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Data from a phase 2/3 study will be presented in July.
Gilead Sciences has submitted a New Drug Application (NDA) to the FDA seeking approval of lenacapavir, an investigational, long-acting HIV-1 capsid inhibitor, for the treatment of HIV-1 infection in heavily treated people with multi-drug resistant (MDR) HIV-1 infection.
The submission is supported by data from the phase 2/3 CAPELLA trial, which evaluated the safety and efficacy of lenacapavir administered subcutaneously every six months in combination with an optimized antiretroviral background regimen. Data on lenacapavir will be presented during the 11th International AIDS Society Conference on HIV Science in July 2021.
Gilead reported in March updated data from CAPELLA that found that lenacapavir maintained viral suppression in heavily pretreated patients through week 26. This builds on data reported in November 2020 that lenacapavir achieved its primary endpoint by demonstrating that a significantly higher proportion of participants achieved a clinically meaningful viral load reduction in heavily treated people with multidrug resistant HIV-1 infection.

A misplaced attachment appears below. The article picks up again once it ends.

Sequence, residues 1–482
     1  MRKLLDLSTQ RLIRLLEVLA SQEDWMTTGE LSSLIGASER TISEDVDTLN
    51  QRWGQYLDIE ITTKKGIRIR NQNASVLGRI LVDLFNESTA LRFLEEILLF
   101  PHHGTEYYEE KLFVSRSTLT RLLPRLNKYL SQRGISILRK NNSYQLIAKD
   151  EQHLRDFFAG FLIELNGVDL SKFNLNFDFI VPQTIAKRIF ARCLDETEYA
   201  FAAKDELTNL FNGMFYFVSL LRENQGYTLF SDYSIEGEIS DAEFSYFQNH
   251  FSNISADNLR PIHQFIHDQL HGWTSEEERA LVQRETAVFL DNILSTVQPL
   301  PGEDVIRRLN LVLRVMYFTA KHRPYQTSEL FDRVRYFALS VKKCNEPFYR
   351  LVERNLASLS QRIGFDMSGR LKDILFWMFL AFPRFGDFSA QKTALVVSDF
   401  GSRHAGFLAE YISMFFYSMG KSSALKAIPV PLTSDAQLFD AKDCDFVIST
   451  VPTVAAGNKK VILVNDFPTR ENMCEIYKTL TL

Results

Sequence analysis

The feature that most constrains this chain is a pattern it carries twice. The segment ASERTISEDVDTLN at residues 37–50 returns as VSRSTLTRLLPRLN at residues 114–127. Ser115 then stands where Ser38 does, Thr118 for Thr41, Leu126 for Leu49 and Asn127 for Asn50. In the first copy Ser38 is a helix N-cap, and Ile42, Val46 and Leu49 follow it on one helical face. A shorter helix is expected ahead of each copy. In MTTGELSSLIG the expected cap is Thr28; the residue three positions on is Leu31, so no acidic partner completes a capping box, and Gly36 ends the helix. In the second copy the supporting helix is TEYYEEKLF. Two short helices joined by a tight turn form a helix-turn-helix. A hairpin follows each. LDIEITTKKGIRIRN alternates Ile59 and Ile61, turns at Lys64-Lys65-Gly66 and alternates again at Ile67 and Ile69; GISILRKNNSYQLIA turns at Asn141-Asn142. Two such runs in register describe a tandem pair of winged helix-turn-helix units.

In the study, 36 participants with multi-class HIV-1 drug resistance and a detectable viral load while on a failing regimen were randomly allocated to receive oral lenacapavir or placebo for 14 days, in addition to continuing their failing regimen (functional monotherapy). An additional 36 participants were enrolled in a separate treatment cohort.
In May 2019, the FDA granted Breakthrough Therapy designation for the development of lenacapavir for the treatment of HIV-1 infection in heavily treatment-experienced patients.
Gilead and Merck in March announced that the two companies will develop and commercialize the combination of lenacapavir, and Merck’s investigational nucleoside reverse transcriptase translocation inhibitor, islatravir, for the treatment of HIV. The first clinical studies of the oral combination are expected to begin in the second half of 2021.